Cool Pull or Atomic Method: How to clean the nozzle of our 3D Printer

Posted by Fátima 19/06/2018 0 Comment(s) Tutorials,

Cool Pull or Atomic Method to clean the nozzle of our 3D Printer

 

Cool Pull or Atomic Method is a technique to clean the nozzle. It can be done after a jam, or as a preventive cleaning after a change of material or many hours of printing. 

 

With the Atomic Method technique, we can extract residues and/or burnt particles of filament from the nozzle that adhere to the walls of the nozzle making difficult or impossible 3D printing. 

It is a simple technique to perform that does not require disassembling the hotend. So it is highly recommended for any problem related to extrusion, and always preferable to any other intervention such as changing nozzles, cleaning mechanically, etc. 

To do it we will need some filament, preferably a light colour, to easily see the waste that we have removed. 

This method can be done with any material, although "sticky" materials with some flexibility and resistance will be ideal, such as PLA3D850 or PETG. We recommend these materials because they are materials that stick well to the waste and are strong enough to perform the pull. In the case of PETG, its working temperature is intermediate so it will help especially if we were printing with materials that require a higher temperature than PLA, such as for cleaning an ABS jam or flexible material. 

 

Waste can reach our nozzle by many factors, including: 

  • The environment where we print: dust particles that are deposited during printing on the filament. 
  • As part of the filament: especially in low quality filaments, these may contain impurities that favor the accumulation of dirt. 
  • Incorrect configuration of printing: even high quality materials degrade at high temperatures, if you use temperatures outside the range recommended by the manufacturer or if the filament remains hot without printing for a long time, the filament will be damaged and accumulate in the walls of the hotend in the form of waste. 
  • For the normal use of the printer: even if we only use filament of good quality it is normal that very slowly it accumulates some residues, so it may be convenient to carry out this method, even if there is no jam, as a preventive. 
  • It should be noted that small nozzles are more prone to accumulate waste, since the extrusion of the waste through the hole is more difficult the smaller the nozzle is. 

The waste can be in the nozzle in different ways: 

  1. Partial jam: the extruder continues working, but the material flow is insufficient. Filament waste remains stuck on the walls of the nozzle making the printing difficult. In this case, the printer can probably continue printing, but if we try to extrude material manually we will notice a resistance higher than usual, if the accumulation is large we can also notice a decrease in flow (subextrusion).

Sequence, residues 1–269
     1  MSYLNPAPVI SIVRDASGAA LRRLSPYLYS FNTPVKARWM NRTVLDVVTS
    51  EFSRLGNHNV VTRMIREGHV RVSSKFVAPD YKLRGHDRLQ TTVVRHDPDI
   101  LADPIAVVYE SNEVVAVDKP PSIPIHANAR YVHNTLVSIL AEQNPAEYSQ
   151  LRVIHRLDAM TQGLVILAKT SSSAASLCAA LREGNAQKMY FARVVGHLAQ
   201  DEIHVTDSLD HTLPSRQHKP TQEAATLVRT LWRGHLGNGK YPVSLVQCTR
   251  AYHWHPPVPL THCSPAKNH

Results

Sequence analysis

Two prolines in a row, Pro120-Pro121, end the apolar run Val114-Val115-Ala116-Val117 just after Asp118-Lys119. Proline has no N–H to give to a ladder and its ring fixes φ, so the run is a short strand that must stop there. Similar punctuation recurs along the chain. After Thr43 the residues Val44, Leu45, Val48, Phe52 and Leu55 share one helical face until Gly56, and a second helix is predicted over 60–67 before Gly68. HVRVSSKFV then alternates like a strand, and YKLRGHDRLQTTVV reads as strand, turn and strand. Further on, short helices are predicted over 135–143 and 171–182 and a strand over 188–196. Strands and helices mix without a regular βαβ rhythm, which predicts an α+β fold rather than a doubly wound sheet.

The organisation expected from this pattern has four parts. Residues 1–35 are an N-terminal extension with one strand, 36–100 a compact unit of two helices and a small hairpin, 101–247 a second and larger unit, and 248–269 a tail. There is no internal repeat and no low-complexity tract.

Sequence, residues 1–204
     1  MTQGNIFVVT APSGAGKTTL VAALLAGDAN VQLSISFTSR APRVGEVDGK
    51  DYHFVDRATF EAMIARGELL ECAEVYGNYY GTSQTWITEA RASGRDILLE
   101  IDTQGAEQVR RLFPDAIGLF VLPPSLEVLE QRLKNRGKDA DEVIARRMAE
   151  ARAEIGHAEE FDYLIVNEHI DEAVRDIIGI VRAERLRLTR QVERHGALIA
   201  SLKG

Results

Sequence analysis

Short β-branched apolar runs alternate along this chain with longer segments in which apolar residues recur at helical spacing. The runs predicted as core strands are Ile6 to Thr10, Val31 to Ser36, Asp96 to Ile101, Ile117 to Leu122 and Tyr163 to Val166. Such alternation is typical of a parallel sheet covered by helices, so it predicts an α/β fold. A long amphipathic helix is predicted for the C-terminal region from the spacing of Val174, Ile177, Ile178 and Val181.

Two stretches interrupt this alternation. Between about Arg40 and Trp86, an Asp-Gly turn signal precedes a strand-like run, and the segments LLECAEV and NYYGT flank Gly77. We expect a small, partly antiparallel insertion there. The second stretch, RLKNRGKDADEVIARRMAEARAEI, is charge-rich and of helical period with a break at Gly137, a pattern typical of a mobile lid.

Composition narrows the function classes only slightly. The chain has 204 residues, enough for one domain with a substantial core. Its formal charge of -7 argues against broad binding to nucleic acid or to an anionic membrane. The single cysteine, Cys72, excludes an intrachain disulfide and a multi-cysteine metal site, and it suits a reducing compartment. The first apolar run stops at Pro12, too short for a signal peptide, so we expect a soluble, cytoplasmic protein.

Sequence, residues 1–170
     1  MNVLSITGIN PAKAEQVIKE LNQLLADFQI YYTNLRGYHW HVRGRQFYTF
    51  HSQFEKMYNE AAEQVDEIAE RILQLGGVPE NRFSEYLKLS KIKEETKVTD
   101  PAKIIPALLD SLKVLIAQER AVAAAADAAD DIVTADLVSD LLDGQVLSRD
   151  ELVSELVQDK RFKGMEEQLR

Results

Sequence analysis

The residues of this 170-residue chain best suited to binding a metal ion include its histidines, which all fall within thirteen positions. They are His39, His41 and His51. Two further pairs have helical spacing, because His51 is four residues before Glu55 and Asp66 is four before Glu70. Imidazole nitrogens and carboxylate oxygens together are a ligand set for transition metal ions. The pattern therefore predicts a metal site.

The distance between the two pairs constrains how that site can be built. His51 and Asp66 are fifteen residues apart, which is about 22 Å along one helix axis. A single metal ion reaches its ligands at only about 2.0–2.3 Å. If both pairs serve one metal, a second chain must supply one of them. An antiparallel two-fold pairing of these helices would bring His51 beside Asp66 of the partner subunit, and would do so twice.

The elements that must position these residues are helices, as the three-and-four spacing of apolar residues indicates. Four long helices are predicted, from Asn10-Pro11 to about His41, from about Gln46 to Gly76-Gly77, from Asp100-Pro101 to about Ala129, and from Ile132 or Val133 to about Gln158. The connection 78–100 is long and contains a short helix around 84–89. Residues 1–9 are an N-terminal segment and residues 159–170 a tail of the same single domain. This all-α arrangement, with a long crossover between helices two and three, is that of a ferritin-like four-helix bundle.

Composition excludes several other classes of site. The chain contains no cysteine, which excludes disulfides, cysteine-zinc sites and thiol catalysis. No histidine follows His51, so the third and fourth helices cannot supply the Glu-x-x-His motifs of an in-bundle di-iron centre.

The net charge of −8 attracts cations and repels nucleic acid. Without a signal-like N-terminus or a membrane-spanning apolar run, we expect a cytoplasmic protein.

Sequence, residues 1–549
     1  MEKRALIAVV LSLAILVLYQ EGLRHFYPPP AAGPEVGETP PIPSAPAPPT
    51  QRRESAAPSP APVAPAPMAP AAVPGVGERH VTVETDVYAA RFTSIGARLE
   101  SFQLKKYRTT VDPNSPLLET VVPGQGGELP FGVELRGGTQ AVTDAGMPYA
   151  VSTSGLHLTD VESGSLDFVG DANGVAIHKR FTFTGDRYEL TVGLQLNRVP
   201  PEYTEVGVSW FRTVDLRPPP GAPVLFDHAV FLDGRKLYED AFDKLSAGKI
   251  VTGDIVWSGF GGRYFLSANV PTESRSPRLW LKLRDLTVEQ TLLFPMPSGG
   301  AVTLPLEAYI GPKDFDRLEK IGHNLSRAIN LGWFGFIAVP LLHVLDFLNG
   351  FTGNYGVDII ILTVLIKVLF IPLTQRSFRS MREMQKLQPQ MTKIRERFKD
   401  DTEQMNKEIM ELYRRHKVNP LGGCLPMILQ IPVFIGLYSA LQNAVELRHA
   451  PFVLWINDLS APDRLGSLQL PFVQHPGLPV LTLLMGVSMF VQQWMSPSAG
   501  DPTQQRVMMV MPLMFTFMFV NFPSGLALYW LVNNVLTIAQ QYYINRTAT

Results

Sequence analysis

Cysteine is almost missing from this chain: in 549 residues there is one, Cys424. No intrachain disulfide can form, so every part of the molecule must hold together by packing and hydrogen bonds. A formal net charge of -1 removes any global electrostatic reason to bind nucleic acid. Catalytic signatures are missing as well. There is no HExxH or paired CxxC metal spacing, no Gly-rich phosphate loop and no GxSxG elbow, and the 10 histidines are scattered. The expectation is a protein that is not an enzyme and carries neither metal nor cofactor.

2. Total jam: filament burned in the nozzle completely blocking the flow. This type of jams can be prevented many times since it can be originated from a partial jam. In many occasions it can be cleaned using this method so it is worth trying, but it will not always be possible, in which case it may be necessary to replace the nozzle. 
     

To perform the Atomic Method we will follow the following guidelines: 

  1. Remove the filament that was being printed. 
  2. Introduce PLA or PETG (heating the hotend to the working temperature of the material that we are going to use). 
  3. Make extrude some material (if possible). If it can’t extrude any material we can use a needle with a diameter less than or equal to the nozzle to help get some material out. 
  4. Cool the hotend at 80-110ºC depending on the material. Start with low temperatures, if the material breaks without bringing out the waste try again with a slightly higher temperature. 
  5. Pull the filament firmly (loosen the tension of the extruder tensioner so that it allows to do this without hindrance). 

Once the filament is extracted, we will see how it brings residue from the previous filament and, depending on the case, pieces of burnt filament. We recommend carrying out this operation as many times as necessary until we manage to extract the filament clean, so that no particles remain that make printing difficult. 

 

In this image you can see different cleaning examples: 

In this first image we can see a mixture of pieces of burnt plastic and remains of black filament of the previous printing (reflux is present). In the following images we can see the cleaning done with different degrees of dirt.

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